Major film and serial shootings came to a halt recently at Mumbai studios costing the showbiz business heavily.
Shah Rukh Khan-starrer "Happy New Year," Salman Khan's "Kick" and Mahesh Bhatt's "Citylights" were among the films that got affected as over 2000 technicians and workers called flash strike on Tuesday.
The workers had been complaining about meagre wages, but things turned worse when some members of Ekta Kapoor's Balaji productions physically assaulted a technician in Film City as he turned off lights after the regular 12-hour shift, reported Mid Day. The incident triggered the protest as technicians boycotted all the works in the studio. Workers from other studios of Mumbai including Mehboob Studio also joined the protest.
For Salman's "Kick" which is presently being shot in Mehboob Studios, the strike must have cost the strongly as it is already running behind the schedule.
As per reports, 'Kick" still has to complete the shooting of a massive 40-day-schedule. And since the film has already set 27 July as its release date, it is quite a task to wrap up the film on time and send it for the post-production work. It has to be noted that since the hearing of the superstar's 2002 hit-and-run case is going on, "Kick"s filming is already running on a tight schedule.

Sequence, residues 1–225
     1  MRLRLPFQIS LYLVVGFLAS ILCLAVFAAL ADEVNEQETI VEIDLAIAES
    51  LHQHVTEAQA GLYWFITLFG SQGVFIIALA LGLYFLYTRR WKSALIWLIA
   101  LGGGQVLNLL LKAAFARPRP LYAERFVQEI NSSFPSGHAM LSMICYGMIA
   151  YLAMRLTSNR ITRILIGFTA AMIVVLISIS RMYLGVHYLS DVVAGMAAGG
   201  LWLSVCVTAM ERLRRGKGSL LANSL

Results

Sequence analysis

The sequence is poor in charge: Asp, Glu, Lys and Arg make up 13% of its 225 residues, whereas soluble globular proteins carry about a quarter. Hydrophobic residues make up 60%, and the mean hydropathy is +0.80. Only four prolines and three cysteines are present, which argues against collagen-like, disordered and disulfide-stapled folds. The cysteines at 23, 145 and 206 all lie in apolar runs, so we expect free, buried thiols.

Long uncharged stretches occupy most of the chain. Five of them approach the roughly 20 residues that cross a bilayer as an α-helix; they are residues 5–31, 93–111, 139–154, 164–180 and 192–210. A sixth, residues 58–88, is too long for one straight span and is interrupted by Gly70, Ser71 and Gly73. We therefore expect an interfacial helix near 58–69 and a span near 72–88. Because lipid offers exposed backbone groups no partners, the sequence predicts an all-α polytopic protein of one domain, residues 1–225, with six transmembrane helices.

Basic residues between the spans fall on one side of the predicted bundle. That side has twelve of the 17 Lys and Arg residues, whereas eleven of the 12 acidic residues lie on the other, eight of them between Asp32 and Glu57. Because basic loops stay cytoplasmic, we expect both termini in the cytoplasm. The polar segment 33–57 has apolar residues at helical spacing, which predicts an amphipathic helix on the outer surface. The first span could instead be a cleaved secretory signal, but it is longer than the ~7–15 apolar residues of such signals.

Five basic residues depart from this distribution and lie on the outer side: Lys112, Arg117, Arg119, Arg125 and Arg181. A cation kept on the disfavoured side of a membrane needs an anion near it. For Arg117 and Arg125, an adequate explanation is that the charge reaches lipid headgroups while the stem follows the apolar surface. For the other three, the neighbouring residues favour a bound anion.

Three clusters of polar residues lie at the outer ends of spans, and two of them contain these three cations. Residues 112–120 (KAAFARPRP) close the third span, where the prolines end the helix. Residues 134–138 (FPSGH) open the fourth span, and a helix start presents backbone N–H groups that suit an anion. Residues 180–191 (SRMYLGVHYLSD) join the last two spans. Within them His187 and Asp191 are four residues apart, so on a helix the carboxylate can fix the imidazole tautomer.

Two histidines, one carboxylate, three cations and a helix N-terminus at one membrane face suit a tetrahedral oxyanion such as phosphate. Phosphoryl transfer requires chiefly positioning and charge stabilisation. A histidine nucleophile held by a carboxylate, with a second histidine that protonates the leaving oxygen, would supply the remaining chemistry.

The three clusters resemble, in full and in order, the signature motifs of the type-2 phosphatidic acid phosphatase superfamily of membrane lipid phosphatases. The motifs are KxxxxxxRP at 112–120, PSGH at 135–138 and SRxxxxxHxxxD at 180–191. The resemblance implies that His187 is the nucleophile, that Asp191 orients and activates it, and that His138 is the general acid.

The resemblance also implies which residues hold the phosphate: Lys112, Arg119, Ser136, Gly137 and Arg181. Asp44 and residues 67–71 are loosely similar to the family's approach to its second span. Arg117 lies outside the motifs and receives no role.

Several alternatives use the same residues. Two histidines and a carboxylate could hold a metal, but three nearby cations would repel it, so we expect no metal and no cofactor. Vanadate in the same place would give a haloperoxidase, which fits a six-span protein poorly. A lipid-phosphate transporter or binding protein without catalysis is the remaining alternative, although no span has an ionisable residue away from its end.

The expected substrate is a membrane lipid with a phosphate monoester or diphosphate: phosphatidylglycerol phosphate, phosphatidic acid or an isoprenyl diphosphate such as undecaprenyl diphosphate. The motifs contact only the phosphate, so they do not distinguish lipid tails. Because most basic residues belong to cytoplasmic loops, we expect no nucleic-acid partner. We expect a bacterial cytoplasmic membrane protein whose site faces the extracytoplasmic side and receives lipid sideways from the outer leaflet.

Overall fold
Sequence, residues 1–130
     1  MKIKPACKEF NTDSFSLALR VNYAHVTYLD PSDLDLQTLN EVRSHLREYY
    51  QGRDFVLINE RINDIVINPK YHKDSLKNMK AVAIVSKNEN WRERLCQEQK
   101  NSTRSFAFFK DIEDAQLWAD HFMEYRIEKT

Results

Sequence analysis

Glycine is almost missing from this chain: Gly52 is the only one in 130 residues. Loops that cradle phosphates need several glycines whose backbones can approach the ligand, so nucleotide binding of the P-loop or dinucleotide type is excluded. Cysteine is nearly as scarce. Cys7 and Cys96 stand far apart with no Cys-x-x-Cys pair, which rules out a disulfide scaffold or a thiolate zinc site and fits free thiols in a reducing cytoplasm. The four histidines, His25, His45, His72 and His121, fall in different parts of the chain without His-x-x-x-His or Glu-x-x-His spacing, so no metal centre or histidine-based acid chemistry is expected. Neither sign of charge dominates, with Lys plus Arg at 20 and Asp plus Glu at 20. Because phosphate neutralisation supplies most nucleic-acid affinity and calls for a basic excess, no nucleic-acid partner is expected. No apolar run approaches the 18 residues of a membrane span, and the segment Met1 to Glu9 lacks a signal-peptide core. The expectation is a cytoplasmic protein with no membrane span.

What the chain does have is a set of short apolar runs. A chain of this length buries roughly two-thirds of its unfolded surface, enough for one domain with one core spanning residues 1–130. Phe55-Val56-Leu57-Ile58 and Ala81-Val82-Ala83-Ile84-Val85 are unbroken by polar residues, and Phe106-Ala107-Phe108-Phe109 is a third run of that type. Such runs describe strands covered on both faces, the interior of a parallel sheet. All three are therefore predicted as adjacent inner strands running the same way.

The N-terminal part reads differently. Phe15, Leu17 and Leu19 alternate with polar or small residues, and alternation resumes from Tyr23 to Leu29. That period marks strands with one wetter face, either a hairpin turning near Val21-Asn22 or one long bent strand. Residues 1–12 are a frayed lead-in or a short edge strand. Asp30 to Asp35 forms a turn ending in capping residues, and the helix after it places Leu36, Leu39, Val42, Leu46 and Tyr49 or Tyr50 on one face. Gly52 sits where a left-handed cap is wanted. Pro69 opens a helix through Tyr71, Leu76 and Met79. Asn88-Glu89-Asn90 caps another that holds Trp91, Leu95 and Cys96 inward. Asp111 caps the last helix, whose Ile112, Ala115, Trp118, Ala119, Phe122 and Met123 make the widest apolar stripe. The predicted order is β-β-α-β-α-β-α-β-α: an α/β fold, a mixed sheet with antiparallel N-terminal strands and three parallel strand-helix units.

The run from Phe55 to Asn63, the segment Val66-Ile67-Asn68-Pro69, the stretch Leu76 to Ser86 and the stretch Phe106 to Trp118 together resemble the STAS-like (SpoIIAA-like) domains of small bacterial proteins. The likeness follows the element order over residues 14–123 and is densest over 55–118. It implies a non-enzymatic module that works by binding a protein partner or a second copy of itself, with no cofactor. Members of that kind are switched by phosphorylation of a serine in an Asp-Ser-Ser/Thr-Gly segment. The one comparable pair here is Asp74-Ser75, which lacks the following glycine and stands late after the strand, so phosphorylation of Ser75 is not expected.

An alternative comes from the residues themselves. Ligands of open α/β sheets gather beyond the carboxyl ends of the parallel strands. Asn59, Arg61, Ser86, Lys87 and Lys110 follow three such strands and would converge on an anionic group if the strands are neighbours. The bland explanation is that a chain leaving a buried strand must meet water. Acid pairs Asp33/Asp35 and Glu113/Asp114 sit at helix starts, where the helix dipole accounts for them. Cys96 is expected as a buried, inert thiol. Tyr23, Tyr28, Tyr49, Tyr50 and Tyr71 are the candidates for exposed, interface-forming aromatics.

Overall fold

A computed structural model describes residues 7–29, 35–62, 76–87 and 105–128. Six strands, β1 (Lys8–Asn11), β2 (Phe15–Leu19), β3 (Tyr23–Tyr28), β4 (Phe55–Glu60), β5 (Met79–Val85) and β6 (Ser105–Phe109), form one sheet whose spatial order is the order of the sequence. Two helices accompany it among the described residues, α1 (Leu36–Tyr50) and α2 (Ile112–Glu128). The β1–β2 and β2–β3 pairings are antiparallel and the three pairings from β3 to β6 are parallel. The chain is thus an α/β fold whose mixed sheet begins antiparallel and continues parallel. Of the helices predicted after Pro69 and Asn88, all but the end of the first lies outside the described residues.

While Shah Rukh too is continuously shooting for "Happy New Year" which has set Diwali as it release date. Regular updates from director Farah Khan prove that portions of the film are still being shot on regular basis. At such a point, an entire day without work would have definitely hindered the film's allotted schedule.
But it seems that the most affected are the daily soaps which have a packed time table as their shooting goes on nonstop for long hours. And since the shows are aired on regular basis, loss of a day's work costs majorly for the cast and crew and affects their television airings.
The workers, however, have called off the strike and got back to work from Wednesday, but only on conditional notice laying down demands of increasing wages and to stop producer's exploitations.